19-12-2011 - Work Programme
The work programme of OBIS comprised a matrix of activities. First, a market analysis assessed the current situation and market potential for bike sharing. As a core element of the programme, demonstrations with the focus on new approaches, advanced technologies and extension of bike sharing schemes were tested, evaluated and optimised. OBIS then derived policy recommendations and guidelines. Finally, OBIS promoted and disseminated the project results.
Figure 1: OBIS Work Programme Structure
Analysis of Existing Bike Sharing Schemes and Market Potential
This activity was split into two parts -
The OBIS consortium has carried out a broad analysis of BSSs . 51 schemes in 48 cities located in 10 European countries were included in the analysis (Table 2). The aim was to assess which influencing factors affect the configuration and the outcomes of such schemes.
Table 2: BSSs Studied per Country
Success Factor Analysis:
Success for BSSs was defined from different stakeholder’s perspectives. Subsequently central success indicators identified by OBIS were collected and described.
The approach used within the project does not provide a benchmarking tool to determine economic success or success in terms of numbers but it does provide a methodology that helps to explain the complexity of measuring success for BSSs.
Test of Optimised Bike Sharing Concepts (Demonstration Projects)
Innovative demonstrations were a core element of the OBIS project. They were included in OBIS to derive specific recommendations for particular problem areas.
The following three areas were covered:
- Development and test of technologies;
- Development and test of concepts for redistribution, customer satisfaction, inclusion of additional stakeholders (e.g. companies, PT);
- Implementation and expansion of BSSs.
The demonstration projects themselves (technical and operational set-up, organisation etc.) were not subject to funding in most cases but a detailed monitoring was supported by the IEE in all cases.
Identification of Key Attributes
Analysis and Research:
OBIS aimed to analyse the bike sharing market in ten European countries to provide relevant stakeholders with key figures of the included schemes. The intention was to identify the “best schemes” and to analyse transferability.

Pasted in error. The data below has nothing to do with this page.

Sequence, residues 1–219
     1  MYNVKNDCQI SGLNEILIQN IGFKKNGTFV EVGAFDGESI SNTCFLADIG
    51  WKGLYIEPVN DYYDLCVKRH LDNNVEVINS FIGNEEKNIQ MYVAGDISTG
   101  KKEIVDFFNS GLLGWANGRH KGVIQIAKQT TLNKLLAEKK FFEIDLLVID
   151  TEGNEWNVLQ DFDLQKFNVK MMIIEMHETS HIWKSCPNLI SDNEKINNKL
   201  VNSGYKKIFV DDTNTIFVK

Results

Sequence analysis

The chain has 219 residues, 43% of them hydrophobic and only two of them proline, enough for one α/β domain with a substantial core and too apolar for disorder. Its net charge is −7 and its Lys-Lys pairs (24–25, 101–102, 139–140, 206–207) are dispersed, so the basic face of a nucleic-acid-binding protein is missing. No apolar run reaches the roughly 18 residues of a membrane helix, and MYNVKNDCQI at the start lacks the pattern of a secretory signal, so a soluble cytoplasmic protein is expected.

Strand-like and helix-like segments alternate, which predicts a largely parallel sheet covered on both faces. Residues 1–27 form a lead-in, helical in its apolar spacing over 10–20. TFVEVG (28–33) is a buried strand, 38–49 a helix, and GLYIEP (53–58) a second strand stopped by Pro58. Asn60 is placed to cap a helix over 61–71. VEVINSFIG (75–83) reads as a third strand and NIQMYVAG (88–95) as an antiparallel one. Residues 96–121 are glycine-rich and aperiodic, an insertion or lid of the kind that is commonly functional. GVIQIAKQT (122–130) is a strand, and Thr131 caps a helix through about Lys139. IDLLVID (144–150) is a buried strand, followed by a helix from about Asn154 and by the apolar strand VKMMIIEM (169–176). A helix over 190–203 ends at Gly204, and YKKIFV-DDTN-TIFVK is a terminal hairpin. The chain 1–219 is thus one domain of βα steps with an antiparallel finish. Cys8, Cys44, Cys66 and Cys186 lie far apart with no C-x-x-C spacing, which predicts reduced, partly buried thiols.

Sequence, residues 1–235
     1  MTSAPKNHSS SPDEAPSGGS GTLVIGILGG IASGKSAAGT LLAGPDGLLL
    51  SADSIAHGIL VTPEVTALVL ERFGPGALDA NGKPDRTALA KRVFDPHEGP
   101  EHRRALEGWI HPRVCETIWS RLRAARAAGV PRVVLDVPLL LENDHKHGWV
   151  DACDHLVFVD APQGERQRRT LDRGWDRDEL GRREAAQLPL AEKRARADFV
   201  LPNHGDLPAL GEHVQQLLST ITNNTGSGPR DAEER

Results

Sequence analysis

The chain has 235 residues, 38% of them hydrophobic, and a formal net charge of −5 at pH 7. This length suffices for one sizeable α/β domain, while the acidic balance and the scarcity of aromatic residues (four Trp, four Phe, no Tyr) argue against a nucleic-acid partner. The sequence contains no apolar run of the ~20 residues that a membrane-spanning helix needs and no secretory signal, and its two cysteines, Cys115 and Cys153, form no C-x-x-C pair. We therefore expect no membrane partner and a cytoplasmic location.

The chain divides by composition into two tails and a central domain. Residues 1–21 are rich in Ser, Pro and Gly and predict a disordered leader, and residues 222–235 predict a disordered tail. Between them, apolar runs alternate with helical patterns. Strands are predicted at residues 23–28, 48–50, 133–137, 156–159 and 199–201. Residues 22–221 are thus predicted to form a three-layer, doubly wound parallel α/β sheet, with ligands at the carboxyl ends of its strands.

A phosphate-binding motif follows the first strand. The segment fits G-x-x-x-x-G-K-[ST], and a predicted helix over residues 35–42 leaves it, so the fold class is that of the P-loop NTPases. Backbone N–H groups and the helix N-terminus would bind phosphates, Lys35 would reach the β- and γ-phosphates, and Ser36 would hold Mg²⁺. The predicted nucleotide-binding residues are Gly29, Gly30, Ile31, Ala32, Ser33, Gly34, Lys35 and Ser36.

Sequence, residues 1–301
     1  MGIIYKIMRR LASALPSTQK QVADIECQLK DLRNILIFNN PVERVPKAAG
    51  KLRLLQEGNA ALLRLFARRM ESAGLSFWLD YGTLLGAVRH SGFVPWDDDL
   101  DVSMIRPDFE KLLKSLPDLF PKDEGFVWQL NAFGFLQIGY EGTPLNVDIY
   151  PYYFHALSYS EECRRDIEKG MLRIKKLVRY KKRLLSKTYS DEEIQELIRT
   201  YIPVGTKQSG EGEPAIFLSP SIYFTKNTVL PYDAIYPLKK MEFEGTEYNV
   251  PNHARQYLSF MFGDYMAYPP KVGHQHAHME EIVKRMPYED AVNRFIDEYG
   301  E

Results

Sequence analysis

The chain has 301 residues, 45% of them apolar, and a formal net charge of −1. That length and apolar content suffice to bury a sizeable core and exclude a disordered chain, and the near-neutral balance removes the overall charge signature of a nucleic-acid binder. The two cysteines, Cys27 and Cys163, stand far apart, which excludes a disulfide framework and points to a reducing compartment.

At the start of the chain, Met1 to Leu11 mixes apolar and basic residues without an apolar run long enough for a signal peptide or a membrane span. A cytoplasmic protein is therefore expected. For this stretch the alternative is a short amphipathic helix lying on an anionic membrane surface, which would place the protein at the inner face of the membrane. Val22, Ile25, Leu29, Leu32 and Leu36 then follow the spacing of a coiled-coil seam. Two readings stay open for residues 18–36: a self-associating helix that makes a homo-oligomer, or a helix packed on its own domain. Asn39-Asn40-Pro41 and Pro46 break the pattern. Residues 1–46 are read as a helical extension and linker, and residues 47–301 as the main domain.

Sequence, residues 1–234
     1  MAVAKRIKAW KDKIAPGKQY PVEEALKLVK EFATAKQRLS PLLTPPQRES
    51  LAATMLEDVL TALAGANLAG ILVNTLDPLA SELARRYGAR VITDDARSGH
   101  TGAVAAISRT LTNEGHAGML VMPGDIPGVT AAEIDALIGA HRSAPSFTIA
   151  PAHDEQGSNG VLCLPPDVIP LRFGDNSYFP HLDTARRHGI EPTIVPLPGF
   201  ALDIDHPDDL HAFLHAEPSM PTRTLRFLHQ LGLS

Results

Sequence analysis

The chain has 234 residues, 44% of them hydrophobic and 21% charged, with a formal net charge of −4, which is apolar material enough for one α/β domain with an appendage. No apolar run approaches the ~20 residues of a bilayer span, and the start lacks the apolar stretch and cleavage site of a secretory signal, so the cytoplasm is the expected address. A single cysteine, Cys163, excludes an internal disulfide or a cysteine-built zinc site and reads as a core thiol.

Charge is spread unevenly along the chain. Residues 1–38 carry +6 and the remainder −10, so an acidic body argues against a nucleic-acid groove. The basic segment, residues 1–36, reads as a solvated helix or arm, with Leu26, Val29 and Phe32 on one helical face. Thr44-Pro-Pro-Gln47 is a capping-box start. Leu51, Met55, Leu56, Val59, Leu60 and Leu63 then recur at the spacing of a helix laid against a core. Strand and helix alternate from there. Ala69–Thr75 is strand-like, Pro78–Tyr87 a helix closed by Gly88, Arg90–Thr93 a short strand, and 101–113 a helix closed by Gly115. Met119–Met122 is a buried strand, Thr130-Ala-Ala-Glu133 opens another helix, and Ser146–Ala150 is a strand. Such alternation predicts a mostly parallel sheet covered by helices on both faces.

Optimisation of Schemes:
The practical elements of OBIS - the “Demonstration Projects” - comprised a large variety of approaches such as new technologies, operational concepts or the evolution of schemes. The Demonstration Projects themselves took place outside OBIS.
European projects involving main stakeholders boost the visibility and importance of bike sharing. Especially for those partners located in countries with only few bike sharing initiatives, the OBIS project provided great opportunities to get in touch with relevant stakeholders.
In all cases above, where appropriate, lessons learnt were noted and policy recommendations were made.
Handbook, Recommendations and other Dissemination Activities
The dissemination of the OBIS results, knowledge transfer within and outside the project and an open dialogue with externals was essential for the positive impact of the project on the overall awareness and perception of cycling and bike sharing. Communication and dissemination activities were thus one central part of OBIS.
The main result of the project - “Optimising Bike Sharing in European Cities - A Handbook” – presents facts and figures from bike sharing schemes in ten European countries. Scheme characteristics such as technology, scheme size, service design etc. are described in connection with external factors of the cities. Finally the handbook gives comprehensive advice for all three stages in the lifetime of a BSS: Planning, Implementation, Optimisation.
Three public conferences were held by the OBIS team during the three project years. Those conferences gave the team the opportunity to share the OBIS results with relevant stakeholders.
This project website is the main information portal for stakeholders around the world and will stay online until August 2013.
During the project, stakeholders were informed about the project progress with the help of six newsletters available in the project languages.
Other Dissemination Activities
The OBIS results were not only disseminated with the help of the produced project materials and the website but mainly with the help of external conferences, existing networks, other websites, blogs, newsgroups, magazines, newspapers and scientific publications.